A spike in high-profile gang assassinations in Cape Town, culminating in the killing of a notorious gang boss yesterday, has sparked fears of a wave of violence in the city.
The culture of gangsterism is deeply rooted on the Cape Flats, where people of colour – forcibly removed from suburbs declared for white residents only – were corralled in racialised dormitory townships.
Uprooting the culture cannot be achieved overnight, but short-term stability is possible through a combination of engaged citizens and community organisations, and professional intelligence-gathering and law-enforcement.
Following a spate of gang-related violence in 2014, Archbishop Emeritus Desmond Tutu termed the situation for many families on the Cape Flats, “an abomination and a severe indictment on the state of progress in South Africa 20 years after the advent of democracy”.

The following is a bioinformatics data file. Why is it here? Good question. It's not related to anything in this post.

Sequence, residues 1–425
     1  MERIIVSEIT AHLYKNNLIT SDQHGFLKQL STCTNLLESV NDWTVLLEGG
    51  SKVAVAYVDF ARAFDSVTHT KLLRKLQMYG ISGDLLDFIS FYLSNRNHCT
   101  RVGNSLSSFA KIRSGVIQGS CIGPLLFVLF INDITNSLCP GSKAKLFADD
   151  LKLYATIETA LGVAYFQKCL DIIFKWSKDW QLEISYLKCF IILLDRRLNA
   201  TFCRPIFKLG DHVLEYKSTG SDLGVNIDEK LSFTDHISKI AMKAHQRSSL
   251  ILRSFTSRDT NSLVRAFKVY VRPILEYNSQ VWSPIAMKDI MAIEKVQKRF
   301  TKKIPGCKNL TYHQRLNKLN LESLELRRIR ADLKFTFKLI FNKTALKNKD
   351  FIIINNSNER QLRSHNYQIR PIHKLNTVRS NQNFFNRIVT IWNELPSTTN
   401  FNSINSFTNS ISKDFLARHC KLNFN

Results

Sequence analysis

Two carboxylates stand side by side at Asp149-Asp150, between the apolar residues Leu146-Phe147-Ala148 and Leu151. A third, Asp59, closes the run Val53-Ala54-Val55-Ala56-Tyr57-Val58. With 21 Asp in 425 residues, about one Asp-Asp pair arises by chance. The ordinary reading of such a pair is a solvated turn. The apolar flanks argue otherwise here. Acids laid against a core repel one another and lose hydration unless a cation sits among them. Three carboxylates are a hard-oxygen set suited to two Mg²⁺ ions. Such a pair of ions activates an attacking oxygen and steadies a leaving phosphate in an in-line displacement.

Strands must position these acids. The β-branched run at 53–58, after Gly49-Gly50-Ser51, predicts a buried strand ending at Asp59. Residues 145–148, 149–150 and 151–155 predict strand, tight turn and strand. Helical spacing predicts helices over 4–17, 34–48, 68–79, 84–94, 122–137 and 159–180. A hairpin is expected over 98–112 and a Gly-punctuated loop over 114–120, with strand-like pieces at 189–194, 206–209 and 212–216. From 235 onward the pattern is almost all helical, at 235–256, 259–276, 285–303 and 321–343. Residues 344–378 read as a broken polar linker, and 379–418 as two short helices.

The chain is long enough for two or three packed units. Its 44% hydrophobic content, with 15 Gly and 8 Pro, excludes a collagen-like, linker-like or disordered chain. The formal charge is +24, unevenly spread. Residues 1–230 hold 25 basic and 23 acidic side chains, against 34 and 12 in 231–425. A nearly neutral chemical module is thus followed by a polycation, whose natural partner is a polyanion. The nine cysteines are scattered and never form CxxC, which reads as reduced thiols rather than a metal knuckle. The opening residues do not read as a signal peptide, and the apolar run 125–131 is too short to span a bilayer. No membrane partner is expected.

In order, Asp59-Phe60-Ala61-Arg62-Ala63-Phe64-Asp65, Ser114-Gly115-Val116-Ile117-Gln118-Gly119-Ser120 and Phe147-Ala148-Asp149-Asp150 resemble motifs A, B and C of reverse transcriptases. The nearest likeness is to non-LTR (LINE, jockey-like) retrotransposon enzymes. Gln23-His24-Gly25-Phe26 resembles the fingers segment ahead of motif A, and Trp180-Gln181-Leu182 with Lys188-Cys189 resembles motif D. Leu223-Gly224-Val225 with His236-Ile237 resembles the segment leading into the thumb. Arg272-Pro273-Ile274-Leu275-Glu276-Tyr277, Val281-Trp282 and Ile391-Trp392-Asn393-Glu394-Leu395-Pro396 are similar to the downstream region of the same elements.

The Archbishop said: “We must demand of our elected leaders in local, provincial and national government that they stop pointing fingers at each other, and use the resources they have at their collective disposal to deliver an environment in which poorer citizens have the opportunities to improve themselves and their circumstances.”
Five years later, little has changed.
The Desmond & Leah Tutu Legacy Foundation echoes its founder’s demand, and calls on all citizens, including those who associate with gangs, to contribute to fostering peace in the Cape Flats this festive season, and to commit themselves to the process of developing real, just and sustainable solutions.
It is a process that the State must lead, at all administrative levels and across departments, supported by non-profit organisations and the people.
As the Archbishop often said, when people walk together in pursuit of a righteous cause they become an unstoppable force.
Photograph: Don Pinnock